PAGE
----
Tuesday, October 17, 2017

An Oracle Analysis

I'm going to illustrate how I interpret my Oracle results, because I still see a lot of people asking "what do my Oracle results mean?" If you haven't already, you may want to read my intro guide to Gedmatch's Admixture and Oracle, but I'd like to elaborate on that a little bit.

Firstly, it's important to remember that the results can be very speculative and it's best not to take them very literally. People in neighboring regions simply share too much DNA to always be able to tell them apart with accuracy. That means the more narrowed down the areas are in the result, the more speculative it is. You could be German, for example, and get French results because they are neighboring countries who share a lot of DNA. It doesn't mean you're French, it just means this particular calculator put that French/German shared DNA into French instead of German.

Eurogenes K13 Oracle 4, using 4 populations approximation
Secondly, your results are going to be different for each calculator you use so don't just stick to one, explore all those which apply to your background (ie, don't go using Ethiohelix when you're 100% European). Certain calculators may give you more or less accuracy than others. In my personal experience, Eurogenes K13 Oracle 4 (right) isn't very accurate. It really wants me to be Jewish and I'm really not - I have no known Jewish ancestry and don't get any Jewish results from any of the big 4 companies, or in any of Gedmatch's Admixtures. It crops up in the odd Oracle result, but none so much as Eurogenes K13 Oracle 4 populations. I personally have found K15 and EUtest Oracle's to be more accurate, and since K15 is a more recent version of EUtest, that's what I'm going to use to demonstrate how to read Oracle results in some more depth than before.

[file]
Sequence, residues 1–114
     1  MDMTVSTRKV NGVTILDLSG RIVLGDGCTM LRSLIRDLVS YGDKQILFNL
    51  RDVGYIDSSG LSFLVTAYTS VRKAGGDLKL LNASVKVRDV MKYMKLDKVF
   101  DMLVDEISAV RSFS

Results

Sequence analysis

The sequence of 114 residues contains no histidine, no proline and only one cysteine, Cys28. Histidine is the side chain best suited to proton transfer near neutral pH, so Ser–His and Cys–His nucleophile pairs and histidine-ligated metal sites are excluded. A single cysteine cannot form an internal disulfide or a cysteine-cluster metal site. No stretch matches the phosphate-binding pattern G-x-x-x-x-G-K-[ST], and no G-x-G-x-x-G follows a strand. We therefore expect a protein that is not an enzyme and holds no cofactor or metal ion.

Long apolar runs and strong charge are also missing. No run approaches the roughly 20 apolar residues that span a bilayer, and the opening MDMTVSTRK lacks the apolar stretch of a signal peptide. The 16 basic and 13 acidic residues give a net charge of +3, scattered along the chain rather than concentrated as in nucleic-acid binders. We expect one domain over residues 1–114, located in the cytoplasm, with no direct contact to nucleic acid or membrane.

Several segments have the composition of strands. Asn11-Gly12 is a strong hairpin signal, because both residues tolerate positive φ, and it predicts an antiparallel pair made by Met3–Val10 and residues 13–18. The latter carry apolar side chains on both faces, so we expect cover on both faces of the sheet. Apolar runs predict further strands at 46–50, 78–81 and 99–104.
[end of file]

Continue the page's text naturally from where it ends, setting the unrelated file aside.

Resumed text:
I find the best thing to do is rather than look at your Oracle results and try to pick one combination that fits you best, or shows the closest distance, look at the results on the whole. Which populations are you seeing the most? Which ones the least? Although I like to look at 4 populations the most because I am primarily from 4 different regions in Europe, you can also look at the 1, 2, and 3 populations modes.

These are my Eurogenes EUtest V2 K15 Oracle 4 results:

1 Orcadian + South_Italian + West_German + West_German @ 4.425306
2 French + South_Italian + West_German + West_Norwegian @ 4.689746
3 South_Italian + Southwest_English + West_German + West_German @ 4.689806
4 East_Sicilian + Orcadian + West_German + West_German @ 4.747531
5 Italian_Jewish + Orcadian + West_German + West_German @ 4.835878
6 East_Sicilian + Southwest_English + West_German + West_German @ 4.850750
7 Italian_Abruzzo + West_German + West_German + West_German @ 4.853912
8 North_Dutch + South_Italian + West_German + West_German @ 4.863277
9 French + Orcadian + South_Italian + West_German @ 4.911067
10 South_Italian + Southeast_English + West_German + West_German @ 4.914701
11 Tuscan + West_German + West_German + West_German @ 4.922722